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Historical Figures

With their feminine shapes and exquisite craftsmanship, it's ironic to think that cameos come from the shells 18th and 19th century Italian sailors used as ballast for their ships. At the end of each voyage, the shells, mostly from the New World, were unceremoniously dumped upon the shore.

The folks who lived around Torre del Greco, once a sleepy fishing village, about 15 miles south of Naples, in the shadow of Mount Vesuvius, decided something had to be done about all the shells. Out of that ingenuity, Torre del Greco, some 201 years later, is renowned throughout the world for its cameo and coral carved jewelry.

To celebrate the fact, and focus the spotlight back upon the region where the coveted cameo originated, Assocoral, an association of cameo and coral makers, the Italian Trade Commission, and the Campania region of Italy sponsored an exhibition, "Two Hundred and One: Two centuries of coral and cameo making in Torre del Greco," at the Villa Campolieto in nearby Ergolano. The exhibition featured historical and contemporary masterpieces as well as a competition for budding designers from around the world.

Cameo and coral jewelry are so much a part of the town of Torre del Greco that they even have a school for it, where aspiring artists learn firsthand how to gently imprint a design upon a conch shell and carve away the layers of shell to reveal some of the most intricate designs ever handmade in fine jewelry.

Although northern Italy is better known for its goldsmithing and jewelry making, Torre del Greco manufacturers and designers are hoping to put themselves back in the forefront of world design. According to Domenico Ciccarelli of the Italian Ministry of Commerce, the cameo and coral industry faces major challenges, such as the euro/dollar depreciation and growing competition from Asian imitators. "Thus, a completely new scenario is rising, one which forces the Italian companies to revise their competitive paradigm," Ciccarelli says. That includes more "ad-hoc products" and differentiating product toward higher added value and more fashion and creative content. The industry's major markets are the U.S. and Japan, but recent efforts have been to find new markets in Russia and India.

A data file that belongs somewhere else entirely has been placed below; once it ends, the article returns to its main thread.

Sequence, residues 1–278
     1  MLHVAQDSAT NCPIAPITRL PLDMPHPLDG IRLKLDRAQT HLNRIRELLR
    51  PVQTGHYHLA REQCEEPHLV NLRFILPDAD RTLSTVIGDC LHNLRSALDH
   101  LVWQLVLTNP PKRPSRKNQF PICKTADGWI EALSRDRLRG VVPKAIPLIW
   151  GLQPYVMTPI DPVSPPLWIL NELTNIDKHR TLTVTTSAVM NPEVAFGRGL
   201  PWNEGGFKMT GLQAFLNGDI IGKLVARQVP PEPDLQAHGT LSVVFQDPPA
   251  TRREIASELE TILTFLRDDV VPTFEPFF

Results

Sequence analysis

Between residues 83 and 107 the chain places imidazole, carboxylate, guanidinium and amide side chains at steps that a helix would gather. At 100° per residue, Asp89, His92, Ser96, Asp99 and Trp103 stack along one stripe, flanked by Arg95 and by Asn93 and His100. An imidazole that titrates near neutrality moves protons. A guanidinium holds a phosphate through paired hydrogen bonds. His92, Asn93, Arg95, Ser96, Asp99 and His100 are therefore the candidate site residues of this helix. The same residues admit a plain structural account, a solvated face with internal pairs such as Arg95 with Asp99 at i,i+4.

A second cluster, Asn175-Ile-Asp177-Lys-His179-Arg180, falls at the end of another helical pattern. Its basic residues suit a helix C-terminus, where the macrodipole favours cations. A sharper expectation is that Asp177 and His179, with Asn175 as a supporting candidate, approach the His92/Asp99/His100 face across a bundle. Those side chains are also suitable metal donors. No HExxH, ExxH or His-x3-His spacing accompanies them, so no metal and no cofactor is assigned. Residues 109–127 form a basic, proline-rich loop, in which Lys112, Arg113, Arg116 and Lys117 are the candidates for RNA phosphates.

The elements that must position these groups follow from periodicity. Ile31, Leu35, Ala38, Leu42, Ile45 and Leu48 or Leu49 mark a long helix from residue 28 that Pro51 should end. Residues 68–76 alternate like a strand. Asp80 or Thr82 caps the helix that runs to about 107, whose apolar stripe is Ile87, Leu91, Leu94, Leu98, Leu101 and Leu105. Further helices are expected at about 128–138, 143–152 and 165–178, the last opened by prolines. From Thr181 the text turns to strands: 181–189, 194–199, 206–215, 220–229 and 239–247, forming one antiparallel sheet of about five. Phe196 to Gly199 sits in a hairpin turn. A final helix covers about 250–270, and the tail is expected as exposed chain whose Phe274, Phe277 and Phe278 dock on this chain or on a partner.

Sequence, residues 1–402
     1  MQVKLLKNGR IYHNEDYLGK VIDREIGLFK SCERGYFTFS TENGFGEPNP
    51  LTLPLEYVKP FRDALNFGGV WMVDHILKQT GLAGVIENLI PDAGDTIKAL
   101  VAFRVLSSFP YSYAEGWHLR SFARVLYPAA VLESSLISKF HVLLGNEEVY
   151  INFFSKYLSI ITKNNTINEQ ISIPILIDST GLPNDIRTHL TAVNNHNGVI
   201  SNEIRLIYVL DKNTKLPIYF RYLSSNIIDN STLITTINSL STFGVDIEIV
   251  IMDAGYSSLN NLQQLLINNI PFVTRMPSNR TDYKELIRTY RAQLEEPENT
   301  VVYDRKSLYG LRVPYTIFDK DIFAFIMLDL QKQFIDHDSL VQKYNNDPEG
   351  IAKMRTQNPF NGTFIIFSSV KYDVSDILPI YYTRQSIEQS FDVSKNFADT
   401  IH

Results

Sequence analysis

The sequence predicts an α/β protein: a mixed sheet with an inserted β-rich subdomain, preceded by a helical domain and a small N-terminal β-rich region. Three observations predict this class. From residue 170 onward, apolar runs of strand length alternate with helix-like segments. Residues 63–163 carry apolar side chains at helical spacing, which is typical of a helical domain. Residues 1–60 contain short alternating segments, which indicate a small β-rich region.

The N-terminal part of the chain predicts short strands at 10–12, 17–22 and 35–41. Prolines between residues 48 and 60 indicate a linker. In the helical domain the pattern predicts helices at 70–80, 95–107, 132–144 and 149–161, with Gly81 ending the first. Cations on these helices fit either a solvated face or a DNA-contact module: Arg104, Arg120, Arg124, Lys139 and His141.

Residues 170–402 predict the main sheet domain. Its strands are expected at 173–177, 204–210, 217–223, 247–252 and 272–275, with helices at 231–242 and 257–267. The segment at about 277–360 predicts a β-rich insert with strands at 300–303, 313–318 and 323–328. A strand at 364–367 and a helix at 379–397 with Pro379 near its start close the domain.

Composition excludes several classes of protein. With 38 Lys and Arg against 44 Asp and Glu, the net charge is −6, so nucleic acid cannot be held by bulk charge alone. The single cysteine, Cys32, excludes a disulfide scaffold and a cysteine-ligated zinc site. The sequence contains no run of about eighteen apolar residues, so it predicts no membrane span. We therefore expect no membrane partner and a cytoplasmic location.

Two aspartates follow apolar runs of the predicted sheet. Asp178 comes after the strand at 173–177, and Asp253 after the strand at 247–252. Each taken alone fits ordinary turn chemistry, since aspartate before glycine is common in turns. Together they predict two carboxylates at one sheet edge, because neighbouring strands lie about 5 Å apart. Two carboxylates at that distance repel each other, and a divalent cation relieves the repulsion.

The cameo world has received a boost of late, from the entertainment and fashion worlds. Recent films, such as "Marie Antoinette," featured cameo style jewelry. And ready to wear designers such as Dolce & Gabbana, Chanel, Anna Sui, and Ralph Lauren have used cameos during recent runway shows.

The most difficult part of selling cameos, undoubtedly, is one that troubles all fine jewelry categories: educating consumers about how a pedestrian piece of shell can be translated into a piece of jewelry that becomes a classic heirloom.

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cameo by Wempe
Cameo, diamond, and 18k gold pendant necklace from Wempe, (212) 397-9000.
Cameo of Sardinian conch
Cameo of Sardinian conch, circa 1940.
Workers carve conch shells into cameos
The art and the craft: Workers carve conch shells into cameos.
Cameo of Sardinian conch
Cameo of Sardinian conch from 1925.
Interior of Amedeo
Interior of Amedeo, the cameo-only store on Lexington Avenue in Manhattan.
Cameo jewelry from Amedeo Scognamiglio
Cameo jewelry from Amedeo Scognamiglio, (866) 765-8145.